In Clyne v Attorney-General (Cth) [No 2][34] the Full Court of the Federal Court held that s 71 of the Judiciary Act 1903 (Cth), which conferred a power upon the Attorney-General to decline to proceed further with a prosecution upon indictment, did not impose an enforceable duty upon the Attorney-General to receive and consider representations made on behalf of a person committed for trial that no further proceedings be taken.  The Court said:

“… the circumstances in which the courts would intervene depended upon the establishment of a legally enforceable right in the applicant.  It is the absence from the statute of any such legally enforceable right in the appellant in this case which is decisive of the question which now arises for decision.”[35]

  1. [49]
    In order to be amenable to review under the Judicial Review Act, the Attorney-General’s decision not to refer the case must be a “decision of an administrative character”[36] made under an enactment and the applicant must be a person aggrieved by the decision because he is a person “whose interests are adversely affected by the decision.”[37]
  2. [50]
    A decision by the Attorney-General to present an ex officio indictment or to enter a nolle prosequi or, indeed, to instruct that civil proceedings be commenced, is not a decision of a kind to which the adjective “administrative” easily applies.  One reason why that may be so is that, unlike the usual “administrative decision”,[38] a decision to commence litigation does not create rights, does not extinguish rights, does not impose liabilities, and does not impose a legal disability.  It is a decision to invoke the jurisdiction of a court.  The right that is to be vindicated by judicial process, or the liability that is sought to be declared, is a pre-existing right or liability, with immaterial exceptions.[39]  As the Full Court of the Federal Court said in Clyne,[40] and as the High Court observed in Osland,[41] a petition of mercy is not based upon a claim of legal right but is an appeal to an executive discretion originating in the royal prerogative.[42]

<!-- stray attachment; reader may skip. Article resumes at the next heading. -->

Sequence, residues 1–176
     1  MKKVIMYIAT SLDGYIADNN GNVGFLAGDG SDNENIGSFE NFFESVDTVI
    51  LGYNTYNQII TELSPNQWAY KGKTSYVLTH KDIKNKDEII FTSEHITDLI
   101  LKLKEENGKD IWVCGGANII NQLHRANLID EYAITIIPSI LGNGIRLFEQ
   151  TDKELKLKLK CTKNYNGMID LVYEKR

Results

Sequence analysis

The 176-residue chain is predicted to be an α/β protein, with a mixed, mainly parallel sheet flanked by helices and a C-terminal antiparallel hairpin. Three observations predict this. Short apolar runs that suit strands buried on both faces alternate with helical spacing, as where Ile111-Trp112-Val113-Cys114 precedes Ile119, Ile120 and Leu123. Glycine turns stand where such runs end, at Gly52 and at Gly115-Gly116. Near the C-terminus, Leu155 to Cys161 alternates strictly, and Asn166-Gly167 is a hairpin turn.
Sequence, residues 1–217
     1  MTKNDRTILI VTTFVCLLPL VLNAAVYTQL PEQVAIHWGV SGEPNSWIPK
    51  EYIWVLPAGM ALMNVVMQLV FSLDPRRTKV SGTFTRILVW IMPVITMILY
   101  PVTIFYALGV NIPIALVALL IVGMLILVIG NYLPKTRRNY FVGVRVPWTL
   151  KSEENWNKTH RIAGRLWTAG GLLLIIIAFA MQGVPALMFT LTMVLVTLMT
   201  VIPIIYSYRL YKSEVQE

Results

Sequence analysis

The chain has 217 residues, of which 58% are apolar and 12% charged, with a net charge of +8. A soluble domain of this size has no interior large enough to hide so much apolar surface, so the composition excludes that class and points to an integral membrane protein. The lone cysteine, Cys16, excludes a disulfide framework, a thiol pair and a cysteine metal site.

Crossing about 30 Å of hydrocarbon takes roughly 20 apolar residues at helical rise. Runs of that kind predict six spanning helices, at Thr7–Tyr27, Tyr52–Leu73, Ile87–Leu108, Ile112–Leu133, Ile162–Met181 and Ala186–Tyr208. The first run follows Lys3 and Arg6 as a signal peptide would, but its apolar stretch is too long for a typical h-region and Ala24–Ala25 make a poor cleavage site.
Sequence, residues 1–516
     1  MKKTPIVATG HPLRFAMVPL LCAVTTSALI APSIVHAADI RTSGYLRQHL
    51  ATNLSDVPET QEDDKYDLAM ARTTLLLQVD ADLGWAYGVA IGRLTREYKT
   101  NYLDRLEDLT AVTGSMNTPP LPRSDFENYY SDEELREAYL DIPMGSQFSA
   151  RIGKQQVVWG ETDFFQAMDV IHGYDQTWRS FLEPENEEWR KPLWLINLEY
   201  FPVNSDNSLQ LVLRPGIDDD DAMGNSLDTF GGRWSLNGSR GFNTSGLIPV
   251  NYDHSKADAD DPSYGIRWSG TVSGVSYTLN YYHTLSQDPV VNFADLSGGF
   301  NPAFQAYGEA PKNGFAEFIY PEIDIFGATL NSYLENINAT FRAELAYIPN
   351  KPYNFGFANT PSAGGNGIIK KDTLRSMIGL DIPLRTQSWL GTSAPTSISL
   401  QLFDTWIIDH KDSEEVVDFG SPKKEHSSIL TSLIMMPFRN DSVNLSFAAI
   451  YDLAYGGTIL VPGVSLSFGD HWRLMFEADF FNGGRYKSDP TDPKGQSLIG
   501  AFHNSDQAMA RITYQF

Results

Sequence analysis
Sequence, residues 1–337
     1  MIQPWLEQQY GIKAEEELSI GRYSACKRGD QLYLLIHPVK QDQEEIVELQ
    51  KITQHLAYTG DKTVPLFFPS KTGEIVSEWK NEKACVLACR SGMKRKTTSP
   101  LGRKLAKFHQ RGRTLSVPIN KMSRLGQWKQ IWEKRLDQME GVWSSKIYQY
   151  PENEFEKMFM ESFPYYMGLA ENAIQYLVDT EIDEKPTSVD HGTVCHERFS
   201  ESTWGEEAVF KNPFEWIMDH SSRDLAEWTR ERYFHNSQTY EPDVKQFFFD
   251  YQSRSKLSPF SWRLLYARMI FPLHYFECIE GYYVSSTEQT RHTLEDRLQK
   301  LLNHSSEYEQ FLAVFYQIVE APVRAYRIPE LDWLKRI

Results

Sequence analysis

3. [51]
    This view of the discretion is consistent with the view expressed by Gibbs ACJ and Mason J in Barton as follows:

“The provision made by s. 5 [which conferred power to present an ex officio indictment] is very different from an ordinary administrative discretion conferred by statute.  The section is a self-contained provision the scope of which is unaffected by any other provisions in the statute.  It imposes no duty on the Attorney-General to consider whether a prosecution shall be instituted… i.e. by information in the name of the Attorney-General or other officer duly appointed for the purpose.  The provision does not limit or restrict the Attorney-General in any way in the consideration which he may give to a particular case.  And because the language leaves the Attorney-General at large in deciding what course he shall take, it makes his decision immune from judicial review.”[43]

  1. [52]